There to navigate me through this is Charles. He, in contrast to myself, seems to thrive on going over the plans and numbers meticulously again and again. At this point I think he has every page memorized. This is what lets me sleep at night. My trust that he has this all under control.
I guess I should explain how this fat book of numbers came about. At first I just had a pencil drawing. Which describes an idea, but not a reality. My renderings of the building came from observing it, so there was a giant gap between my eye and the numeric expression of the building. So I worked with our model maker Samuel Langkop on some architectural drawings of the building. He built the actual model of the building from those plans, that was accurate to reality. Or at least more accurate. We then presented those models to Maria Wilpon, our principal architect and later to Weidlinger Associates, our structural engineers. From there, we started designing possibilities of what the suspension system that lifts the butterflies might look like.
There were a whole bunch of ideas presented, some had cables, some had three arms and were more unit-like. Samuel built all of these in model form and we got to play with them like a tiny doll house, placing them in different places in different numbers. He and I worked on that phase for weeks, often times over beer at Cafe Bar in Astoria. When we roughly had chosen a placement, sizes, distances and a number of actual arms and butterflies, Samuel then converted that back into an architectural drawing that we represented to Maria and Weidlinger. Weidlinger then chose a design and translated that into specific metal parts and weights. They added in the math.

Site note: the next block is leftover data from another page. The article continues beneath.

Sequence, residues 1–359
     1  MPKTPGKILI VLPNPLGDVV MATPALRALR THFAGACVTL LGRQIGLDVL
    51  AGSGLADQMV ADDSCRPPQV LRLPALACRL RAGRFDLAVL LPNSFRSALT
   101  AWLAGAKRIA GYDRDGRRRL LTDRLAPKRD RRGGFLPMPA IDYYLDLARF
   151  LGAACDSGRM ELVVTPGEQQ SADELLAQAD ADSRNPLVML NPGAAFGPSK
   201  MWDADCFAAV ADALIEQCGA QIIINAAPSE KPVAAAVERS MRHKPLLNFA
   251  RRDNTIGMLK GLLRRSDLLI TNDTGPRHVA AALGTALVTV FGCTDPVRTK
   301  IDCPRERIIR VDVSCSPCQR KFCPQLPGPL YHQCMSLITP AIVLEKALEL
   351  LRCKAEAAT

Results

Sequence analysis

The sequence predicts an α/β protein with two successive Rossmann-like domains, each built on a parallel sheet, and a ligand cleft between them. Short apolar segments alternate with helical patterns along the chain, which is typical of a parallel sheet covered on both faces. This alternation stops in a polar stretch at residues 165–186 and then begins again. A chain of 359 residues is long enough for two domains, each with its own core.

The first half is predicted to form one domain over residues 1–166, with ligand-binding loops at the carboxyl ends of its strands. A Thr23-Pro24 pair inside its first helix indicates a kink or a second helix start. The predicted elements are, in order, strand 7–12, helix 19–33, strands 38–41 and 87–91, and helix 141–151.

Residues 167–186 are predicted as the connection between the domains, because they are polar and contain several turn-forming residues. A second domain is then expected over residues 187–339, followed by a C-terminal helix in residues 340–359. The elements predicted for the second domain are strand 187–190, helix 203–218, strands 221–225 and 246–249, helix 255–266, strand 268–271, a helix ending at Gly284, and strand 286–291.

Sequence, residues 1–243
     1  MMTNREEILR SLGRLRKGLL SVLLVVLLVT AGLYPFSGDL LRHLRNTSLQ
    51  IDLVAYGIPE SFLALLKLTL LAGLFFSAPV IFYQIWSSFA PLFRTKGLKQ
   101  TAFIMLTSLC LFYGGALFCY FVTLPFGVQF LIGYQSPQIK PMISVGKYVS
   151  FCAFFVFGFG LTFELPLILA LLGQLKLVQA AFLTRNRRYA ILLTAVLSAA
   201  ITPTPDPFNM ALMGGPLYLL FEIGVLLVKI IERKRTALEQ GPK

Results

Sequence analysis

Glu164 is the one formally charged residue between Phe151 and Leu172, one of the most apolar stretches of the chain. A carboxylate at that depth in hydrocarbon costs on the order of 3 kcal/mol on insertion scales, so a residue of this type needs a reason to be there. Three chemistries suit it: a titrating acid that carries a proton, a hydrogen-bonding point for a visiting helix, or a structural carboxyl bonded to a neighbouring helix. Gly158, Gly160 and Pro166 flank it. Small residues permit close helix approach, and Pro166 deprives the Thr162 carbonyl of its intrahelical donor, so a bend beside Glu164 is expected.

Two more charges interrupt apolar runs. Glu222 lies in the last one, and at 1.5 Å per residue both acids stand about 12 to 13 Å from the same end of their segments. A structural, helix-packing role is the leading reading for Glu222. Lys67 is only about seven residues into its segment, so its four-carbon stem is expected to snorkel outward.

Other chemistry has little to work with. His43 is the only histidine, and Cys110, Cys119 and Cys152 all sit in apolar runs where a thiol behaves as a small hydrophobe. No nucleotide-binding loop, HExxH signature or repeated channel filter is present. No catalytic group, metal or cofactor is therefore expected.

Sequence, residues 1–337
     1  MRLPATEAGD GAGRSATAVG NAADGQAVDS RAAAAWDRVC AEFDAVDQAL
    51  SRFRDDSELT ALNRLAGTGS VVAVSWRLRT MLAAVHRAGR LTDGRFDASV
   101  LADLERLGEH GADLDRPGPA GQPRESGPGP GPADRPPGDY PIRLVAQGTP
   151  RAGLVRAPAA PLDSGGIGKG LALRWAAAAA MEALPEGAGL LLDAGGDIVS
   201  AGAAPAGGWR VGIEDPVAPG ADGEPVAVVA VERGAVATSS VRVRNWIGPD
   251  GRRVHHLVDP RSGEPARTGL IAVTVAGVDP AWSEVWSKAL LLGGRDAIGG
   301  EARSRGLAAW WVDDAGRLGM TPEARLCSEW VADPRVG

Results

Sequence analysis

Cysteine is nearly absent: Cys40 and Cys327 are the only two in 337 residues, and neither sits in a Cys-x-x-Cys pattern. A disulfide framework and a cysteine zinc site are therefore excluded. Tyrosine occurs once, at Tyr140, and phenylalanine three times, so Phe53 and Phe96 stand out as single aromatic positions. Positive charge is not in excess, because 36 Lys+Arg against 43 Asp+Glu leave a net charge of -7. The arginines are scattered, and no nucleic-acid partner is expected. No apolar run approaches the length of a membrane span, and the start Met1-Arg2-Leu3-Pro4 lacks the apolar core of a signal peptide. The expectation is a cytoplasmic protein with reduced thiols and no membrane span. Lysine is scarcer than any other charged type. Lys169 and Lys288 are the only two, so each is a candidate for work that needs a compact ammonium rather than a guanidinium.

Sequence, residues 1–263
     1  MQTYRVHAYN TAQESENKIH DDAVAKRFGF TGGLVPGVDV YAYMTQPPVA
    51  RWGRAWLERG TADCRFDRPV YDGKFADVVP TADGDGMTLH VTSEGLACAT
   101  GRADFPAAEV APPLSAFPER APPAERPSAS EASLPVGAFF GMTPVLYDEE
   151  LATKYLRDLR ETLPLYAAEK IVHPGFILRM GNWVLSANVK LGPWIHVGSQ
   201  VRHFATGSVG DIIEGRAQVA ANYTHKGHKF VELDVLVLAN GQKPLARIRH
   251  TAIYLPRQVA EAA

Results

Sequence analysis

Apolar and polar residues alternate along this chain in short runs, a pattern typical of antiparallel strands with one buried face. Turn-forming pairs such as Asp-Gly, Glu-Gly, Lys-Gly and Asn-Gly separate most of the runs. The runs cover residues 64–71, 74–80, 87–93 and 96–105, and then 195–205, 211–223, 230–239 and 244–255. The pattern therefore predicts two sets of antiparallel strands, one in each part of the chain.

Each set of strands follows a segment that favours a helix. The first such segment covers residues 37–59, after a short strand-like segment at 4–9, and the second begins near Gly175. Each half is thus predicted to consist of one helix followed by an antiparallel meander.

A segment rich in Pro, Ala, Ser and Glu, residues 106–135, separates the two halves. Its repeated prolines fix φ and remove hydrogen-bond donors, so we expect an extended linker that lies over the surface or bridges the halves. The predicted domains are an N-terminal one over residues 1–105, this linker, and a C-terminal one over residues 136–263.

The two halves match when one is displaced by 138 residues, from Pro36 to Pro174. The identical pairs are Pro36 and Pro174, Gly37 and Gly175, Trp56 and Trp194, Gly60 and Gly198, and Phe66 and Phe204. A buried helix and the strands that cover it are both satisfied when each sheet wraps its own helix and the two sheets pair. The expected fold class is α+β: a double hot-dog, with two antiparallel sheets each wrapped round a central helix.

Since then those drawings have been presented and we have to figure out a bunch of things, like how exactly that structure attaches but more specifically gets put on the building and with what? And how we will do this without damaging existing drainage or putting cranes too close or too far away? Then a detailed list of each exact piece of metal and its assemblage are made. Another book is assembled of the cranes themselves. This is all put together and sent back to Weidlinger who stamps it and sends it back to SkyScraper, who will be overseeing both fabrication and installation.
It is very exciting but sometimes scary – not for anyone else, they are all used to this, but for me, the first timer. So, it is that final book which is getting wrapped up this week.
“An image in time, an experience, a moment that flickers so brightly that it cannot last.”
“The Butterflies of Memory” is a temporary public sculpture on the site of the collapsed Smallpox Hospital Ruins on Roosevelt Island in Manhattan. Seventeen giant gold butterflies, each thirteen feet in diameter, will fly between 18 and 36 feet above the Ruins, visually carrying off the building. Installed in the summer of 2013, “Butterflies of Memory” will be viewable from Roosevelt Island, the Midtown Waterfront and the FDR highway, thus bringing an image of inspiration and beauty to over 2 million New Yorkers.
The butterflies themselves will be made of fiberglass and tubular steel, which will then be gold leafed. The structure that lifts them into the sky intended to look like lines drawn up in tension will be triangulated steel tubes that sleeve into one another, thickening as they move back to the building.
I believe that it is the third largest public art piece ever to be constructed in New York. In the tradition of the Gates and the Waterfalls the piece will be temporary. An image in time, an experience, a moment that flickers so brightly that it cannot last.